Insincerity By Richard Godwin.
“Lean, mean prose. Labyrinthine unguessable plot. Complex, haunted protagonists. The day I received Insincerity I was gifted, appropriately enough, three bottles of high intensity Psycho Juice chilli sauce. Just as the sauces had more texture and flavour than average, this searing story will also linger in the memory. A unique, utterly compelling tale of obsession and predation.”
‘I have had four novels already published this year, Savage Highway, The Pure And The Hated, Ersatz World, and Disembodied.’ snip. ‘That’s nine, not bad for a year, and next year looks like it will be eight, including the long -awaited release of the sequel to Apostle Rising.”
MR Nine? Nearly as many as me this year. Well,
actually about nine more than I have so far managed
but I have had one acceptance and there’s six months
left so…game on! (Spoiler. Richard might edge this one.)
I actually felt guilty disturbing the flow of this one man story tsunami so this chat is a little shorter than last time. I’ve tried to make up for it with an especially baffling set of fonts. (It’s actually my tribute to punk, about forty years overdue.)
MR Is ‘Insincerity’ the most spare prose you have written? It seemed to me transatlantic – in a good way. It could have been written by an American.
RG No I would not say it is the most spare prose, I’d say maybe Wrong Crowd is. It may sound transatlantic as I may have been influenced by US authors such as James Lee Burke, a great great writer.
MR Love James Lee Burke. And Crumley, of course.
MR You’ve been working out for some years now?
RG Yes pretty much all my life from school. I hold four black belts, have played various sports such as baseball, and now weight training and power lifting.
MR Is it possible to convert the split second decision making of martial arts on the page?
RG Yes absolutely. Fast narrative yields fruits.
MR My question was badly phrased. I was wondering if you had written about MMA in your novels. (Which I should have said…doh!) I’d like to read some of that.
RG No I haven’t
RG It’s a good observation considering the range of skills involved and yes it is dangerous, it’s what those guys sign up for, right? My trainer is an ex cage fighter and MMA specialist.
MR Have you been injured practising MMA? It’s bound to happen some time isn’t it?
RG Yes of course broke two bones.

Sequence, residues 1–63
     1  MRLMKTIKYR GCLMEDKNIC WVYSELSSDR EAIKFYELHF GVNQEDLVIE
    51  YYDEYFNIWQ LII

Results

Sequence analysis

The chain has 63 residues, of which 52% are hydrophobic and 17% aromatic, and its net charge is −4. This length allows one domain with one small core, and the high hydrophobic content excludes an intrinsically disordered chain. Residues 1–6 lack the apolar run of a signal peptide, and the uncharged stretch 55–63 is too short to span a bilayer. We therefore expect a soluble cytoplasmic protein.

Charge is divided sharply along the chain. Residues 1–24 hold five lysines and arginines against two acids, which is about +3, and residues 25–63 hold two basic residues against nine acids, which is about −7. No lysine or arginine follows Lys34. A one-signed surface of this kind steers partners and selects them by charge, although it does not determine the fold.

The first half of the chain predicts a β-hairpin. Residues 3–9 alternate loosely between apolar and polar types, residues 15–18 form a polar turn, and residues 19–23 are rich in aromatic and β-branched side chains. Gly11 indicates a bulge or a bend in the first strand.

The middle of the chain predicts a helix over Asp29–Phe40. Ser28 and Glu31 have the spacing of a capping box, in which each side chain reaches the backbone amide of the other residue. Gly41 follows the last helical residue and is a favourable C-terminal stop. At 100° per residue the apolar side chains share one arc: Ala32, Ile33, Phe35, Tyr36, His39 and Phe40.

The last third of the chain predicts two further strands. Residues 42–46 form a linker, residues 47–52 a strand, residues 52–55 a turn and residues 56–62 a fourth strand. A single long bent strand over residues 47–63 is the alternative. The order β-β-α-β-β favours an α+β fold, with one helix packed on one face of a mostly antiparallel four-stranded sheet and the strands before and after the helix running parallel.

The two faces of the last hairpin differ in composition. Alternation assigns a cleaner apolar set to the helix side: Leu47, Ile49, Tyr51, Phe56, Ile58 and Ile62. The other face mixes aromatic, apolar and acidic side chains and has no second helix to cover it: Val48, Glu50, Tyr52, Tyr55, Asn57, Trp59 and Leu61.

MR Massively ignorant generalisations coming up. Some martial artists look down on Krav Maga. Which works, though it’s not as aesthetically pleasing as, say, Wing Chung which seemed to me more like Chinese Ballet than a dirty, street fighting system. (In other words, I was too idle to get past the first few lessons.) What system would you recommend?
RG Krav Maga, Brazilian jujitsu, boxing, kick boxing. Wing Chung
looks good, but is pretty useless, ,like trad Jiu Jitsu the holds are based
on an archaic fighting system. Overhead arm locks for horse riders
bearing swords well we do not see those today. If you grab my wrist I
will head but you. Krav Maga is distilled from all the best systems into
one total system, but an ugly system. Do you remember tennis when it
was wining ugly? Win! Fights are not pretty. Kill.
RG We will!
Thank you, Richard!
MR The one constant throughout his widely varied work is the forward momentum, You just can’t stop reading. I was especially intrigued by Buffalo and Sour Mash (Down and Out books) Contemporary Western Noir. A psychotic American sets up a rodeo in Surrey.
Grips instantly. Sleek, bleak. Thrilling and chilling.
“Exceptional writer… crackling dialogue… dazzling. Read him.” – Luke Rhinehart, bestselling author of The Dice Man
“That horrible taste in the back of your throat? That sense that something, some thing, has slipped up behind you and is walking in step? Celebrate them. Richard Godwin does — brilliantly.” – James Sallis, bestselling author of Drive
There’s some good interviews at Chin Wag at the Slaughterhouse including a fascinating exchange with the legendary Luke Rhineheart, we are not worthy. He has a new novel.